Starting out Small
Qlik earned its success by going were none had previously ventured: providing business intelligence software, like the one from Power BI training uk, to a huge, but obscure, market of SMEs.
They began by targeting the small-scale enterprises, those not yet detected by the competing, larger firms offering similar solutions, like SAP’s BusinessObjects and IBM’s Cognos. Gradually, the firm was able to invade the businesses of these major-league players too, becoming itself a global leader which now is on a par with Oracle, Microsoft, IBM and SAP.
In 1998 the company received funding from Swedish investors Handelsbanken and Industrifonden. Their product required some initial tampering to ensure its seamless functioning. By 1999, it was successfully installed at the disposal of a large number of small enterprises, as well as a few big-time companies like Tetrapak, the world’s leading provider in food processing and packaging solutions, and biopharmaceutical firm AstraZeneca.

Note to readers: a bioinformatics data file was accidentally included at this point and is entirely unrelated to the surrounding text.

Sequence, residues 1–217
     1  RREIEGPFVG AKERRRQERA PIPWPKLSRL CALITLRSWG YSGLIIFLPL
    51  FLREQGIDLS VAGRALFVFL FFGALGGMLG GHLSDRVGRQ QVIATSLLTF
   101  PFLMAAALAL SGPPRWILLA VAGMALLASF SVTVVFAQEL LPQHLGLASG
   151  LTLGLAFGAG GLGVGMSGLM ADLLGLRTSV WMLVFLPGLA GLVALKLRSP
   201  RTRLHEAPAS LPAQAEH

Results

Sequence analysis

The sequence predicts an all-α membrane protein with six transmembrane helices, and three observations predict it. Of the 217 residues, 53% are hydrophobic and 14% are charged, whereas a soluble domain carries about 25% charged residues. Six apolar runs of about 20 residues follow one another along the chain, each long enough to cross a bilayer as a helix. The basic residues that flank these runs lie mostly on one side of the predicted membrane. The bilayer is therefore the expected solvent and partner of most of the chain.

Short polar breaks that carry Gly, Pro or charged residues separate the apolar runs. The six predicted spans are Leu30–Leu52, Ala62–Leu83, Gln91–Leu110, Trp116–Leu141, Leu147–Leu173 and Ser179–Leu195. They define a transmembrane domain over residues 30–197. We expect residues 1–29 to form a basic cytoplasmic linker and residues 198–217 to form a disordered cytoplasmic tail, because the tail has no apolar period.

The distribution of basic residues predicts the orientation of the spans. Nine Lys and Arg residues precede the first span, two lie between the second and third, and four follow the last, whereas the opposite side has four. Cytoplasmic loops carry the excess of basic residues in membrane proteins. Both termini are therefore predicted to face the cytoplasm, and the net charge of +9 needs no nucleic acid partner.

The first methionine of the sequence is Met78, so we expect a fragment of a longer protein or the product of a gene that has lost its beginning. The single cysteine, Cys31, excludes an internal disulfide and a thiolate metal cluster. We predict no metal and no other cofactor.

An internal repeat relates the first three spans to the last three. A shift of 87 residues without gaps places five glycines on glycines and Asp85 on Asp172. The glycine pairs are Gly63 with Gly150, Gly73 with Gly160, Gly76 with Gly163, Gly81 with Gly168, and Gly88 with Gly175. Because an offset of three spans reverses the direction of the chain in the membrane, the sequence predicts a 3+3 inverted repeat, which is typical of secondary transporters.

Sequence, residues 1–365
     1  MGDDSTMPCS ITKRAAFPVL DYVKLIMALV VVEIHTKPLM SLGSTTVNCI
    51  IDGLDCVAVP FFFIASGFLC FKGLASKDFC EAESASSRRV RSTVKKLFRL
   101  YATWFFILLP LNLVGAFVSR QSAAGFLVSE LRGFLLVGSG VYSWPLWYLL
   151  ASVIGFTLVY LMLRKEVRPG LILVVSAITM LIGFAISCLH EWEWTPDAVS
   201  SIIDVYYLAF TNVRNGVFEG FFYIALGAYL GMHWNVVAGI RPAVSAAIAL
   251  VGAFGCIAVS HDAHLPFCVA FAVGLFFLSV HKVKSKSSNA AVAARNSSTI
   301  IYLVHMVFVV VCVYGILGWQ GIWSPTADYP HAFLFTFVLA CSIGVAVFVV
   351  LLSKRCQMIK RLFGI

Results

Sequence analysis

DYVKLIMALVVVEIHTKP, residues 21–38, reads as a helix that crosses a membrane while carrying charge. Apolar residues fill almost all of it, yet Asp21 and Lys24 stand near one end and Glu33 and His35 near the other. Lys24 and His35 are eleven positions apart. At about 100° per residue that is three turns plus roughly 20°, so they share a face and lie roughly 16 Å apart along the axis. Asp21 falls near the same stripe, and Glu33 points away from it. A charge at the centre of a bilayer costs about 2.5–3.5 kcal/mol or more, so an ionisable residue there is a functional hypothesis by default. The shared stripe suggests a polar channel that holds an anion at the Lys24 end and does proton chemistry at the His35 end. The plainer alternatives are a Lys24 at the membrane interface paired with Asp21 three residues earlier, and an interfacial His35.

A New Century: A New CEO
The start of the 21st century saw the firm undertaking new leadership, with Måns Hultman appointed as CEO and Lars Björk acting as CFO (who has taken over the role of CEO following Hultman’s leave in 2010). The expertise of this star duo helped the firm, which, despite its fantastic product, had been facing tough times and was at the brink of bankruptcy, out of their slump and rocketed them into the realm of success. Hultman’s decision to focus solely on the field of BI, adopting clients from local, mid-sized manufacturing companies, resulted in an expanding client list, from 6 to 200 over the course of just a year. However, the firm still lacked the capital to further accelerate its growth. Rather than seeking the financial aid from Swedish investors, Hultman chose to broaden the firm’s vision to an international level, seeking expertise as well as money.